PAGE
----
Waiting to buy LTD at 45
Now let’s look at the same scenario, but this time around Melanie waits until she’s 45 to shop for LTD insurance.
Melanie decides in her 20s to forego a long-term disability policy right now—she’s still got student loans to pay off, and she hasn’t exactly met her earning potential yet. She makes a promise to herself that when she’s older and better able to afford a monthly payment, she’ll buy some LTD coverage.
At 29, the same health scenario plays out: diagnosed with Crohn’s, periodic flare-ups through her 30s, surgery at 40, complications that prevent her from working for 6 months, and employer-sponsored short-term disability for the first 90 days. After those 90 days end, Melanie taps into her savings to cover the remaining three months that she’s out of commission.
That three-month stretch without any income, and with the burden of unexpected medical expenses in addition to her regular bills, knocks her retirement savings strategy off course a little, but the damage isn’t too severe. She figures she can get back on track by tightening her budget a little over the next couple of years.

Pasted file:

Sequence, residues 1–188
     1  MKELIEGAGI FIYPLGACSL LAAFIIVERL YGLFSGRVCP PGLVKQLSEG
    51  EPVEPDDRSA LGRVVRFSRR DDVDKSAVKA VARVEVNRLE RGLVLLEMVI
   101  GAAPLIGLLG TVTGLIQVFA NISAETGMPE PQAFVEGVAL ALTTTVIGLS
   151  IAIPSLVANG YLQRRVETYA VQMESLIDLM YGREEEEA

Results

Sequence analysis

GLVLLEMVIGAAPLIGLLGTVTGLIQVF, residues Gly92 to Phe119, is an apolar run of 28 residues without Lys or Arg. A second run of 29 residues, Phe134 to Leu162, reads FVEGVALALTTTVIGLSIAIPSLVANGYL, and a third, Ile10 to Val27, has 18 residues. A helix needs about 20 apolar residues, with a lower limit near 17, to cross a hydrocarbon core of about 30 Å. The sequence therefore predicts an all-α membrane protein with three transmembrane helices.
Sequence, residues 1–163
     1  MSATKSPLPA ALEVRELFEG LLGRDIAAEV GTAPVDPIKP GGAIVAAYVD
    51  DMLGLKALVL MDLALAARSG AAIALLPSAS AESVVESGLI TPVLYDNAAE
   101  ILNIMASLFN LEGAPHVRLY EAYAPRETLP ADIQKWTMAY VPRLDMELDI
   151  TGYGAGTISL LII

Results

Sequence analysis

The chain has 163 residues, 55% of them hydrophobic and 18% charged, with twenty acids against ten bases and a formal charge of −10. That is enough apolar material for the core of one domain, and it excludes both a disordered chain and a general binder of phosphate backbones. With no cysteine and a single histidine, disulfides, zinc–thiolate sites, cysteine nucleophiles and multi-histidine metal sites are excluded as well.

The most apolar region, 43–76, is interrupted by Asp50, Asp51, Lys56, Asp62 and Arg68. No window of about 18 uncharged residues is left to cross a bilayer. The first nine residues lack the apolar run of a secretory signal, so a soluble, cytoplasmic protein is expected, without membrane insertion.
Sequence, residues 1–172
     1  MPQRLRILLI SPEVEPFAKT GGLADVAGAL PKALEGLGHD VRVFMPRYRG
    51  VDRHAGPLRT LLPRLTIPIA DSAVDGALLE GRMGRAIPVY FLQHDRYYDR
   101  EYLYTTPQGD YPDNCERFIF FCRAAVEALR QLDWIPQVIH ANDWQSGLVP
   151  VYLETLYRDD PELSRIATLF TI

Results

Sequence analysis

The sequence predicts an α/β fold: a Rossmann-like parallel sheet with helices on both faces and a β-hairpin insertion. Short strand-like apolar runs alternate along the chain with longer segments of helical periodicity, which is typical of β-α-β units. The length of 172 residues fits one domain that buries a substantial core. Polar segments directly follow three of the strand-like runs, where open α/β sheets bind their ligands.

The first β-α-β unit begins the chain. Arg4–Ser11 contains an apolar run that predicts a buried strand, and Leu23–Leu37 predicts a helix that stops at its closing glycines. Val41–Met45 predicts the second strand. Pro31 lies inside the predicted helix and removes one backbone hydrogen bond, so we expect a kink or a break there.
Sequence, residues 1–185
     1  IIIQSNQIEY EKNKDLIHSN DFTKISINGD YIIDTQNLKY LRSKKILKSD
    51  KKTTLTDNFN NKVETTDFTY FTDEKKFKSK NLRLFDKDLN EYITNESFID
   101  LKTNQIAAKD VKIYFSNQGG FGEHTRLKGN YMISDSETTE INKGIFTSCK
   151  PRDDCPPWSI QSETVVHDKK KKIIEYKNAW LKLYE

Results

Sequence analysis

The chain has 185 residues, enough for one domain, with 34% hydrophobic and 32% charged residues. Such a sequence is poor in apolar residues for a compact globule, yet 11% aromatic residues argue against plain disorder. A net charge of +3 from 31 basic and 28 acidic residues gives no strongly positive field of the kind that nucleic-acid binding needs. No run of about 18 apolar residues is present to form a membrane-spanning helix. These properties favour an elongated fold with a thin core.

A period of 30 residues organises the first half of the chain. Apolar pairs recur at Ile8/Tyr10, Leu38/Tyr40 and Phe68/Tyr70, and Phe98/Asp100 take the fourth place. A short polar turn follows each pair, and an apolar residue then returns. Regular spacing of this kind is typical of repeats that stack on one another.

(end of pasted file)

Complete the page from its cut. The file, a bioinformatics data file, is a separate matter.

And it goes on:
But now Melanie wants protection if something like this happens again, and this is where the problems start. She’s able to find some LTD policies that will cover her, but they all come with the stipulation that anything related to her previous medical conditions will be excluded, which makes the policy a lot less useful for Melanie’s particular situation. In addition, the limited coverage it does provide comes at a considerably higher monthly cost than she expected, especially on her new budget. And on top of that, the benefit period offered to her is much shorter than what she could have gotten at 25: only five years instead of up to age 65.